“Mateszalka” - Encyclopedia of Jewish
Communities in Hungary

47°57' / 22°20'

Translation of the “Mateszalka” chapter from
Pinkas Hakehillot Hungary

Edited by: Theodore Lavi

Published by Yad Vashem

Published in Jerusalem, 1975


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This is a translation from: Pinkas Hakehillot Hungary: Encyclopedia of Jewish Communities, Hungary,
Edited by Theodore Lavi, published by Yad Vashem, Jerusalem.


This material is made available by JewishGen, Inc. and the Yizkor Book Project for the purpose of
fulfilling our mission of disseminating information about the Holocaust and destroyed Jewish communities.
This material may not be copied, sold or bartered without JewishGen, Inc.'s permission. Rights may be reserved by the copyright holder.


JewishGen, Inc. makes no representations regarding the accuracy of the translation. The reader may wish to refer to the original material for verification.
JewishGen is not responsible for inaccuracies or omissions in the original work and cannot rewrite or edit the text to correct inaccuracies and/or omissions.
Our mission is to produce a translation of the original work and we cannot verify the accuracy of statements or alter facts cited.


[Pages 348-349]

Mateszalka

A city in the Satmar district, on the Kraszna River,18 kilometers
from the city of Nyiregyhaza. The population in 1941 was 10,036.

Jewish Population

YearNumber% of Total
Population
175310 (families)-
1784/85325 (individuals)-
1819/20127-
18402388.9
186963817.1
189093220.3
19001,00818.6
19101,12819.0
19201,27019.4
19301,62117.7
19411,55515.4
1946150-
1949238-
195998-

Until the Second World War

The first Jews settled in Mateszalka in the middle of the eighteenth century under the patronage of the estate owner, Sandor Karolyi, who settled Jews on his estate in order to develop it. His son, Ferenc Karolyi, inherited a part of his father's estate in 1784, which included most of the town. He continued his father's practices, and encouraged Jewish settlement in the town.

After the First World War part of the district was annexed to Romania. Mateszalka became the most important town in the area, and this caused its Jewish community to develop greatly.

At the beginning of the nineteenth century, there were four grocers, four merchants, and four artisans, including two tailors. There were also two butchers and three saloon owners, a few clerks, et cetera in the Jewish community.

The community was Orthodox. In Mateszalka there was a Jewish elementary school (in 1928 there were four teachers), a Talmud Torah and sometimes a yeshiva. Near the synagogue was a shtibl for Hassidim, which had its own building. Six rabbis served the community. The last rabbi of Mateszalka, Rabbi Shalom Grunbaum, was lost in the Holocaust.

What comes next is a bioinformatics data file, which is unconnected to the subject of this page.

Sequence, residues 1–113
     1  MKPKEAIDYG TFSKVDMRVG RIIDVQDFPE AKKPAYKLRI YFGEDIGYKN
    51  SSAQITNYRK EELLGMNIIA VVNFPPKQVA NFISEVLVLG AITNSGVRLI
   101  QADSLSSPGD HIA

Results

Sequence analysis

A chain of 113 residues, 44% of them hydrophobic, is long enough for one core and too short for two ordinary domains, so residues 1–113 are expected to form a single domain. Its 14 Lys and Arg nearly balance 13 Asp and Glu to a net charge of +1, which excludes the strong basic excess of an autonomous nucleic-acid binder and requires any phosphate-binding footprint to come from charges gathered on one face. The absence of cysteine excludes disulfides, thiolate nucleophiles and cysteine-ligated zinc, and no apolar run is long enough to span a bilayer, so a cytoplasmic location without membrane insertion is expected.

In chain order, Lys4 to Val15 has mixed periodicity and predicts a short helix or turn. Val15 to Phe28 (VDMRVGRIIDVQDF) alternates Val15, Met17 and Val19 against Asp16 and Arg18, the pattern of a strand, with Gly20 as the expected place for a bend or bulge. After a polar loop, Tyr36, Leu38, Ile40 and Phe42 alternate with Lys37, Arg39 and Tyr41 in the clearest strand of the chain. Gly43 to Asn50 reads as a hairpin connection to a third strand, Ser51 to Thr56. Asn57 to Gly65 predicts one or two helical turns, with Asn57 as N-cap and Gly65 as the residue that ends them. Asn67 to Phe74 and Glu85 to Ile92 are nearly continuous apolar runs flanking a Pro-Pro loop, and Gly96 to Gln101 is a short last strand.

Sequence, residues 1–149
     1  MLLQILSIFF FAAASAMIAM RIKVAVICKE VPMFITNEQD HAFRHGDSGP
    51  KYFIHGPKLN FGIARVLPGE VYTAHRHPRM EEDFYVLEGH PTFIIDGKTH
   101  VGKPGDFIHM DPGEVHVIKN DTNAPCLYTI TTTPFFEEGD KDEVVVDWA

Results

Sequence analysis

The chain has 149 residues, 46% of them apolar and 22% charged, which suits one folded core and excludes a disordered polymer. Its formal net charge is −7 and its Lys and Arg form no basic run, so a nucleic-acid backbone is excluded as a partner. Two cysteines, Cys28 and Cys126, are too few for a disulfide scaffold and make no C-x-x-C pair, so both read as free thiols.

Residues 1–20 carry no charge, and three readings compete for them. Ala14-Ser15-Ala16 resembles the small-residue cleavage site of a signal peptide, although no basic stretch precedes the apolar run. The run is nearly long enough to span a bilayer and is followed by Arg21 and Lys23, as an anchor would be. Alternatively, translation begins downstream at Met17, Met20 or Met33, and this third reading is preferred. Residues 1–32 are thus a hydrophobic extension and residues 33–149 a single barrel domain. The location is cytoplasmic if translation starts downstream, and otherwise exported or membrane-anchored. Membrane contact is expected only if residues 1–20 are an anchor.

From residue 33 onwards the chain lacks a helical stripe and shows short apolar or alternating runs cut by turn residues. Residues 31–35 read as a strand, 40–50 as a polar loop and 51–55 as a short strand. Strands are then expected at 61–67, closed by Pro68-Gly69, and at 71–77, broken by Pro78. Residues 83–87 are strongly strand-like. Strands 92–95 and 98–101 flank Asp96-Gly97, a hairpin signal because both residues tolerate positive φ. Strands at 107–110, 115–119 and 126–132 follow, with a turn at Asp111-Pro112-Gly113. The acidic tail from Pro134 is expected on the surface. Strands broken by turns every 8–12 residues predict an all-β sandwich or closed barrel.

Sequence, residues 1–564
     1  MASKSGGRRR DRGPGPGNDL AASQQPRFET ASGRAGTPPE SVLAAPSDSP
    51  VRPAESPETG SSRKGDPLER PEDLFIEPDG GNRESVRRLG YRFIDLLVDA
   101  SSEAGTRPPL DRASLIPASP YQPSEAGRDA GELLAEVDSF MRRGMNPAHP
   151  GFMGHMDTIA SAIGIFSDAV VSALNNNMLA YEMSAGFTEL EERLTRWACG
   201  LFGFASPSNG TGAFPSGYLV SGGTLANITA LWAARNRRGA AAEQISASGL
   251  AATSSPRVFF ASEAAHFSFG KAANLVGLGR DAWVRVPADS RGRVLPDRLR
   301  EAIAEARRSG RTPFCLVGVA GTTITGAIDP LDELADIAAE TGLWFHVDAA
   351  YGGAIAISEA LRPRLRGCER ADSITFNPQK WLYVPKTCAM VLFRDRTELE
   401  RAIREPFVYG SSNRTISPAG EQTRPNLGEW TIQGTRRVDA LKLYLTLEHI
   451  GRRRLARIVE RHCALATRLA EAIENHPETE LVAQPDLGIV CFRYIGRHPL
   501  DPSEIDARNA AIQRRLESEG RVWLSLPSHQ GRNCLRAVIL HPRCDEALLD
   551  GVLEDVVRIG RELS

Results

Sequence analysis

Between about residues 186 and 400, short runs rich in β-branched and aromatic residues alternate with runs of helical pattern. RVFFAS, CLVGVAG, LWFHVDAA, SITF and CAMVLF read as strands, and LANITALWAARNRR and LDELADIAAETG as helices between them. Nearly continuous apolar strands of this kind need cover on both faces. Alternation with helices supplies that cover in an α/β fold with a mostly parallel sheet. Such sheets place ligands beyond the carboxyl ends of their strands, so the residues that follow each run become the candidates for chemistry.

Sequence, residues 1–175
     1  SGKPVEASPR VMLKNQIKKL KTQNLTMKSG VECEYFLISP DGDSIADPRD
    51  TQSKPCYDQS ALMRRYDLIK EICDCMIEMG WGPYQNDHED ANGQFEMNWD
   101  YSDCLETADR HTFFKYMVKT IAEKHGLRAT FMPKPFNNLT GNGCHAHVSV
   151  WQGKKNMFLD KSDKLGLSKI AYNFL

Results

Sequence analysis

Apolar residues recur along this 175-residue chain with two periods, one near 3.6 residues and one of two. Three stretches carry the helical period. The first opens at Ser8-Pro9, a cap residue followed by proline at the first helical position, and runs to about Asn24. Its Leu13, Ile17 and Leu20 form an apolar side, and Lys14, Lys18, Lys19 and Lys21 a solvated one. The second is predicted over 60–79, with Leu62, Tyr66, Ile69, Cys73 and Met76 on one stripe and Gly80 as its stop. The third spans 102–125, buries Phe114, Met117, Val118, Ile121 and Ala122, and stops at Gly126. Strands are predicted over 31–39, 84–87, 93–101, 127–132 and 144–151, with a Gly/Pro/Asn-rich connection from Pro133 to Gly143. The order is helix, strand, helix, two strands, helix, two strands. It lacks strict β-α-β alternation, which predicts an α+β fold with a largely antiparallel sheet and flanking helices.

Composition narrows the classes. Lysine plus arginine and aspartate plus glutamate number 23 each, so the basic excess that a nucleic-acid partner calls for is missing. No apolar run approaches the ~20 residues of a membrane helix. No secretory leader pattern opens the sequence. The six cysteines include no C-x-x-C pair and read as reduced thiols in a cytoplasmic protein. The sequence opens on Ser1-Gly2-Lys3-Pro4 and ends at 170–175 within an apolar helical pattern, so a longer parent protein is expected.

The Holocaust

In 1941 the men were taken for forced labor.

When the Germans entered Hungary in 1944, Mateszalka and some areas in its vicinity were declared a military zone. The Russian army was then in the Carpathian Mountains, close to this town. One of the biggest concentration camps in Hungary was built in Mateszalka. Jews from the towns of the Marmoros district, among them Raho, Nagybocsko, Korosmezo, Okormezo, Bustyahaza, and Tecso were sent to it. There were about 17,000 people in this camp. The attitude of the policemen to the arrested Jews was most brutal. Tortures, hunger, density, and diseases were their lot. At the beginning the arrested were kept outside. After a short time, they were crowded into a few little houses, some dilapidated. The community dished out meager food rations every day, plus soap and bread. The arrested stood on lines to get the food. At last they were brought to the railroad station, and were put into closed railroad cars, about eighty people to a car, and the railroad took to them to Auschwitz.

The remnants of the Jewish forced laborers returned to the city after the war. A few months afterwards a very few survivors returned from Auschwitz. The Jewish population in Mateszalka in 1946 was 150. There were also Jews from neighboring hamlets. In 1949 the number was 238.

The Jews who returned to Mateszalka renovated the synagogue and the mikva, hired a shochet, and reorganized the little community. After the rebellion of 1956, the survivors began to disperse. Many moved to Budapest or to Debrezen, and others immigrated to Israel. 98 Jews remained in Mateszalka, about a third of them children, in 1959.


This material is made available by JewishGen, Inc. and the Yizkor Book Project for the purpose of
fulfilling our mission of disseminating information about the Holocaust and destroyed Jewish communities.
This material may not be copied, sold or bartered without JewishGen, Inc.'s permission. Rights may be reserved by the copyright holder.


JewishGen, Inc. makes no representations regarding the accuracy of the translation. The reader may wish to refer to the original material for verification.
JewishGen is not responsible for inaccuracies or omissions in the original work and cannot rewrite or edit the text to correct inaccuracies and/or omissions.
Our mission is to produce a translation of the original work and we cannot verify the accuracy of statements or alter facts cited.

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